NC gov. vetoes bill banning abortions based on Down syndrome, race and sex

Gammy, a baby born with Down syndrome, is kissed by at a hospital in Chonburi province in China in this undated photo.
Gammy, a baby born with Down syndrome, is kissed by at a hospital in Chonburi province in China in this undated photo. | (Photo: Damir Sagolj /Reuters)

North Carolina Gov. Roy Cooper has vetoed a bill that, among other things, would have prohibited abortions from being performed because an unborn baby has been diagnosed with Down syndrome.

Last Friday, Cooper announced that he vetoedHouse Bill 453, also known as the “Human Life Nondiscrimination Act,” arguing that the bill is unconstitutional. The bill would have made it illegal in the Tar Heel State to perform abortions based on innate characteristics, such as race, sex or genetic characteristics, including any genetic abnormalities.

“This bill gives the government control over what happens and what is said in the exam room between a woman and her doctor at a time she faces one of the most difficult decisions of her life,” the Democrat governor said in a statement.

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“This bill is unconstitutional and it damages the doctor-patient relationship with an unprecedented government intrusion.”

North Carolina House Speaker Tim Moore, a Republican, took exception to the veto. 

“Gender, race, and disability are protected classes in most other contexts. Why should we allow the unborn to be discriminated against for these same traits?” Moore said in a statement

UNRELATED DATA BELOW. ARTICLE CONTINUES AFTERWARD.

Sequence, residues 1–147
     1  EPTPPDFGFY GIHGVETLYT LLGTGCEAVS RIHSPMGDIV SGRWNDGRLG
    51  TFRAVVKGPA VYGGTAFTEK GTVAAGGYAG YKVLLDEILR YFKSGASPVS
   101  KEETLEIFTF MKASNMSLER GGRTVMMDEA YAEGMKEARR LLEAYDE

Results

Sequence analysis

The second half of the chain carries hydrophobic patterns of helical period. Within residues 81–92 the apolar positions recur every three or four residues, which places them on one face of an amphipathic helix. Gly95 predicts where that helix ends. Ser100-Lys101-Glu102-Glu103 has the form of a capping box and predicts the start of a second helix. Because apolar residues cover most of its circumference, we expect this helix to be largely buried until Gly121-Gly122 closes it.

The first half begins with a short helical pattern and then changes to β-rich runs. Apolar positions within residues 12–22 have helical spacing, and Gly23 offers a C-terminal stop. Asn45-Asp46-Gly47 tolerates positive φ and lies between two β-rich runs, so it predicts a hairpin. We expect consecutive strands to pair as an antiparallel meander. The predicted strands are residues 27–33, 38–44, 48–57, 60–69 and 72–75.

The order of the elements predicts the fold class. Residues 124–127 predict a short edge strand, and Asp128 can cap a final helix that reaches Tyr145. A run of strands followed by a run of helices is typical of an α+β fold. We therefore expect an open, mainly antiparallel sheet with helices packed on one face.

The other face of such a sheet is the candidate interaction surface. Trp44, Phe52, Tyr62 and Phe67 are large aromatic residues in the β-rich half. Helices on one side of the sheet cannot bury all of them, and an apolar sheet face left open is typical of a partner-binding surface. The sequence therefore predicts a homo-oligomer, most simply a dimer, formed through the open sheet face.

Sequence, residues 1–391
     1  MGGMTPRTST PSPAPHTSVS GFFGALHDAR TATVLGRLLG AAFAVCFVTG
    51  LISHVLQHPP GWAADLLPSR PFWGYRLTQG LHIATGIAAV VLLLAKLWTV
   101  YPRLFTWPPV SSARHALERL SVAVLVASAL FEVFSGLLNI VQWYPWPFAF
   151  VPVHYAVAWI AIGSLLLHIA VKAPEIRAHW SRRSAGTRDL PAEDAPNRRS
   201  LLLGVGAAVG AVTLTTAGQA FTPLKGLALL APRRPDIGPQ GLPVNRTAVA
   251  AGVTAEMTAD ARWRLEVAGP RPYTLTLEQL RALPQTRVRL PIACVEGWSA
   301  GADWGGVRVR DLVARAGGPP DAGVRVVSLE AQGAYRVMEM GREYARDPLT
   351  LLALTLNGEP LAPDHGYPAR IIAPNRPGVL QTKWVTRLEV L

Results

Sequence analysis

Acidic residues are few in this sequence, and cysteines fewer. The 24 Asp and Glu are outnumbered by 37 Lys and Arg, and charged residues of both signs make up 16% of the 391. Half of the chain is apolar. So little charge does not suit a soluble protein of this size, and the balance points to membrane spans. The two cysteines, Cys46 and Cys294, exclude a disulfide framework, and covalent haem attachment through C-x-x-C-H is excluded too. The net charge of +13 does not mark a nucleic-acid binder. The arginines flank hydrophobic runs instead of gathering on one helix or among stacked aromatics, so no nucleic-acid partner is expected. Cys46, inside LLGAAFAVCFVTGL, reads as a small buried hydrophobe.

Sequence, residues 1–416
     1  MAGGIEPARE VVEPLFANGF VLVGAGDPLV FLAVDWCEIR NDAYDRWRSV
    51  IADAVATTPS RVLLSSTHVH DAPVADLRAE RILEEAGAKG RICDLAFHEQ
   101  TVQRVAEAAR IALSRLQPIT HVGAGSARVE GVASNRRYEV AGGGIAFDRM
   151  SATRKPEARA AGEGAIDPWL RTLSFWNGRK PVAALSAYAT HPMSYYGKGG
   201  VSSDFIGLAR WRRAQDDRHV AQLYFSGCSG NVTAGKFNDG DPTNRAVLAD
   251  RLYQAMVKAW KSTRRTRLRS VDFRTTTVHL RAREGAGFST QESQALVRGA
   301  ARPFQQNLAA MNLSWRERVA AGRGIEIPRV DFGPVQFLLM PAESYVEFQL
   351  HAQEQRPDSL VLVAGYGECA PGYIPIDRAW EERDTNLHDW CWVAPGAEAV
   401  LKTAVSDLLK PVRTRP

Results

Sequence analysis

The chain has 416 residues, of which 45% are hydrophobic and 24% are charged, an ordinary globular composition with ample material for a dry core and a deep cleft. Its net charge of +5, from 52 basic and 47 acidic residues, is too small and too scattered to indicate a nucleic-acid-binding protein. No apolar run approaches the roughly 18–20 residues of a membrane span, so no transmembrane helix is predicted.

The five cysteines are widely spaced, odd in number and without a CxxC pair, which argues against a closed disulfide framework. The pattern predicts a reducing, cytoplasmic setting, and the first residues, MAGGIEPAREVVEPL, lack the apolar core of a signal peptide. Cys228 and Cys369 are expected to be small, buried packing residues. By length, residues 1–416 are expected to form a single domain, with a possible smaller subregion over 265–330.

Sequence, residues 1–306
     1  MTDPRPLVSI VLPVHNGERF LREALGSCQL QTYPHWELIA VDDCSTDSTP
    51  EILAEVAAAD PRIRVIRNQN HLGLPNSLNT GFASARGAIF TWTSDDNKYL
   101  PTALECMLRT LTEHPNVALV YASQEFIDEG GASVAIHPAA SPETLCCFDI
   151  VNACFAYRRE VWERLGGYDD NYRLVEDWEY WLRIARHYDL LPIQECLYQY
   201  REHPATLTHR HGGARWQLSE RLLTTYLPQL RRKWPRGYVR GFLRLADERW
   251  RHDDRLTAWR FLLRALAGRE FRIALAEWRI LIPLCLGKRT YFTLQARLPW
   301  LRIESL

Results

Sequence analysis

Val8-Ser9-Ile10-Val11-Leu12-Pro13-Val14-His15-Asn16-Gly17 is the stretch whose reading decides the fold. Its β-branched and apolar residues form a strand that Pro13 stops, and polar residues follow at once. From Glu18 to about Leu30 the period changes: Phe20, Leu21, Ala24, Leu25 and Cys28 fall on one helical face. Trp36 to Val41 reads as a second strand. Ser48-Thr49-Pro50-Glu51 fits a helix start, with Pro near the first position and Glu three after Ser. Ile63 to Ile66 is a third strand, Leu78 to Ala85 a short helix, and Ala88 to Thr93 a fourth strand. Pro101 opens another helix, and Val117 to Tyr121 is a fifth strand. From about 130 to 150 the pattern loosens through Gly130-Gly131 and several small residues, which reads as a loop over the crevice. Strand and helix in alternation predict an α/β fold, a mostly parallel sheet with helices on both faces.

“The message sent by this veto is that some human life is more valuable than others based on immutable characteristics.”

According to The Associated Press, the veto will require bipartisan support in the state legislature to override.

Among its provisions, HB 453 prohibited what it described as “Eugenics abortions," meaning abortions based on the presumed race and sex of the child or presumed presence of Down syndrome. North Carolina already bans abortions based on the sex of the baby but the vetoed law would have bolstered existing law.

“A person shall not intentionally or knowingly perform, induce, or attempt to perform or induce an abortion of an unborn child if the abortion is being sought because of the actual or presumed race or sex of the unborn child or because of the presence or presumed presence of Down syndrome,” stated the bill.

Introduced in March, the proposed legislation passed the House of Representatives in May by a vote of 67-42 and passed the Senate earlier this month by a vote of 27-20.

Recently, multiple states have considered banning abortions performed because of a prenatal Down syndrome diagnosis. A number of states have passed those bills, such as South Dakota and Arizona

In April, the U.S. Court of Appeals for the Sixth Circuit reversed a lower court decision and released a full-court opinion upholding Ohio’s Down syndrome abortion ban.

Circuit Judge Alice M. Batchelder, a George H.W. Bush appointee, authored the majority opinion, concluding that “the right to an abortion, even before viability, is not absolute.”

“In [Roe v. Wade], the Supreme Court said, ‘we do not agree’ with the contention ‘that the woman’s right is absolute and that she is entitled to terminate her pregnancy at whatever time, in whatever way, and for whatever reason she alone chooses,’” wrote Batchelder.

“Simply put, there is no absolute or per se right to an abortion based on the stage of the pregnancy. The district court erred by so holding, and the plaintiffs cannot succeed on that proposition standing alone or show any likelihood that they could do so.”

In January, the U.S. Eighth Circuit Court of Appeals struck down a Down Syndrome abortion ban passed in Arkansas. 

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